Few businesses today can afford to ignore the opportunities social media presents. Used in the right way, they offer a cost-effective way to promote your brand and increase your customer base, loyalty and sales.
But with so many different social media platforms and so little time (especially if you’re a working mum), you need to make sure you’re investing your resources in the right places. And the only way to know that is by measuring the success of your different social media activities.
But exactly what do you measure to determine success? Your number of Facebook fans or Twitter followers? We help you to understand some of the metrics you need to look at to gauge just how impactful your activity is.
Fans and followers
Most people focus on their number of Facebook fans and Twitter followers when looking at social media. However, just because someone ‘likes’ your Facebook page or follows you on Twitter doesn’t mean that they’re paying an attention to anything you are saying, or even interested in your brand. Think about how many Facebook pages you have ‘liked’ and never visited again!
Facebook page views
Some social media experts consider Facebook page views more valuable than some page views on your website, with the rationale that a random page view on an obscure internal site page is worth less than a more focused experience on your Facebook page.
How many views your YouTube video gets is a clear indicator of your video’s reach.
Your engagement rate
This is one of the most important metrics to measure. You need to know when you post something that creates reaction and engagement. Measuring engagement can tell you what type of posts (and what times) get the most response, so you can focus on doing more of them. You also need to differentiate between positive and negative engagement, such as negative retweets or mentions. A high and positive engagement rate will build your EdgeRank – the Facebook algorithm that personalises your newsfeed and inserts posts it thinks you will be interested in based on your relationship with the poster.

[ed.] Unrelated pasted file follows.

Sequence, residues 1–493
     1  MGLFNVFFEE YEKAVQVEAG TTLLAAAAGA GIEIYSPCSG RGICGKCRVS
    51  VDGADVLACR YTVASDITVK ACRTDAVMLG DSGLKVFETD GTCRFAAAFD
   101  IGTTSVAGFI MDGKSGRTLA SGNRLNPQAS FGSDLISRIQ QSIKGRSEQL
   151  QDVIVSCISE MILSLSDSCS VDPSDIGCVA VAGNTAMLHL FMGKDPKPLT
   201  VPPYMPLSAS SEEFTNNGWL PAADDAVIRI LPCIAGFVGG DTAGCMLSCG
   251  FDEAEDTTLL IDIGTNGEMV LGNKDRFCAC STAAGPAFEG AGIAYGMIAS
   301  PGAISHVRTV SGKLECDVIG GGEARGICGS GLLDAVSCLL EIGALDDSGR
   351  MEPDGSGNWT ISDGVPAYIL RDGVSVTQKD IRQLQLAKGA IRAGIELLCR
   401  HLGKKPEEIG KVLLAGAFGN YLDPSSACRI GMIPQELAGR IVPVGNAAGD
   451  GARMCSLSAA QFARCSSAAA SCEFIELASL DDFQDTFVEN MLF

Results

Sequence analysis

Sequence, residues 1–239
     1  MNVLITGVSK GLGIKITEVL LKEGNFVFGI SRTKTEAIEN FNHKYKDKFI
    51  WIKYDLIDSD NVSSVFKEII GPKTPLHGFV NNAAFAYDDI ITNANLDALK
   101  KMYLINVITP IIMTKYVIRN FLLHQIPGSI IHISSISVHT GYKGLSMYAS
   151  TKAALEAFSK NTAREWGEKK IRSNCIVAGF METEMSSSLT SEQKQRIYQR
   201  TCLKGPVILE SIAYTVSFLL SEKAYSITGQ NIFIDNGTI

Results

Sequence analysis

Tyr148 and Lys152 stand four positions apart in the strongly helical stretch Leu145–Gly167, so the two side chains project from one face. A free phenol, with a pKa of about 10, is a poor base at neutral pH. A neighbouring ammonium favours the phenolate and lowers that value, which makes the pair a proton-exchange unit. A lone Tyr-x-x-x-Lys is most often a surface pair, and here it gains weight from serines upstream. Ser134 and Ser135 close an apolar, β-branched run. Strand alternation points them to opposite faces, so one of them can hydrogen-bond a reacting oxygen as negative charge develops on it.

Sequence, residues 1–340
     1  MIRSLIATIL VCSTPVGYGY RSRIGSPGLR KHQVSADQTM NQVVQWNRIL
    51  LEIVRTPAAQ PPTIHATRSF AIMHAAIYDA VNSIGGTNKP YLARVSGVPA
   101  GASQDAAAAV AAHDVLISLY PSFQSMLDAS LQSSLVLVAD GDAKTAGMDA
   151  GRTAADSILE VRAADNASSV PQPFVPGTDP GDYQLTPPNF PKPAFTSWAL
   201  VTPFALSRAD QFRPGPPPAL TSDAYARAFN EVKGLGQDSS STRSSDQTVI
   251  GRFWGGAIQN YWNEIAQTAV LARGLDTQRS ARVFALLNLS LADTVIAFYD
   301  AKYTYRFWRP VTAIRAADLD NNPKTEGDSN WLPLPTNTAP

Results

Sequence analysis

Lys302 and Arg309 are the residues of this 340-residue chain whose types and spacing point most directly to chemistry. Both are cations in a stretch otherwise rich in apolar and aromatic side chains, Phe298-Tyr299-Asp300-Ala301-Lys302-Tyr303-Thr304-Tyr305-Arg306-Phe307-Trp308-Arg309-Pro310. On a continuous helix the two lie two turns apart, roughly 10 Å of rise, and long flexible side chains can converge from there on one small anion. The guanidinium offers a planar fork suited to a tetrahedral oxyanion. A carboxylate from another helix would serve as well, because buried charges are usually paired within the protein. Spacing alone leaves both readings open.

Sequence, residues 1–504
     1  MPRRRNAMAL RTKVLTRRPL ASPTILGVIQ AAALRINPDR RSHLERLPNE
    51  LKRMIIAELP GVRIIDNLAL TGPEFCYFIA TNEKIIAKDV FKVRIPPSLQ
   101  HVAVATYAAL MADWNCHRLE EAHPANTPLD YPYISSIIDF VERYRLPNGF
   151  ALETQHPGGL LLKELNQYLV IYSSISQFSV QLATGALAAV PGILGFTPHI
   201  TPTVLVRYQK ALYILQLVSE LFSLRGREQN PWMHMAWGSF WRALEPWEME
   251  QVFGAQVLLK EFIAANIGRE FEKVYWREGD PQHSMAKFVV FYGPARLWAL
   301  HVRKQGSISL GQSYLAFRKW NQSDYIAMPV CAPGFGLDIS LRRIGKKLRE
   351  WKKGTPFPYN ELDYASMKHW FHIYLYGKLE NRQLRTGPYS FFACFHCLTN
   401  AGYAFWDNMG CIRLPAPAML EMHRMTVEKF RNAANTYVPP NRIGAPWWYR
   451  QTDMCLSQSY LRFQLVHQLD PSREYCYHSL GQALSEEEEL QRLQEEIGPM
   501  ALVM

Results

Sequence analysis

Talking about this on Facebook
Facebook can tell you how many people are talking about you or your posts on their pages. It can tell you if your page content is interesting and engaging and helps you to understand over time what kind of content (and times of posting) that work best.
Your Facebook reach
Measuring your Facebook reach helps you to understand how you are performing week-on-week. You can measure one week or month’s performance against last, to ensure that your social media campaign is working and that your results are growing. It also allows you to test to see what kind of content works best, by focussing on different tactics or times each week.
Your Twitter impression reach
This metric measures the number of individual tweets going into people’s feeds based on all your tweets and retweets. It’s an overall snapshot of your tweets’ possible impression and frequency. The Twitter application protocol interface (API) can also tell you who is retweeting your posts and their reach, so you can identify influencers who have a large base of followers and are likely to retweet you or post your content to their blog if they have one.
Your retweet rates
You can measure how relevant and appealing your tweets are by tracking how many people retweet them.
Clicks on links you post
If you use Bitly as a URL shortener you can use its API to see how many clicks you get and what category of posts drives the most clicks. This is important because sometimes in conversation you may post links that don’t always lead to your site. This is a good way to see how many clicks you are generating even if they are not to your site.
Traffic to your site from social activity
Just like search, banners, and email, you can see how much traffic your site gets from any social media sites that could be talking about you and linking to you.
Revenue generated from social activity
Just like leads, you can track the source of your e-commerce revenue to social media, helping you define the value of your efforts.Hannah Martin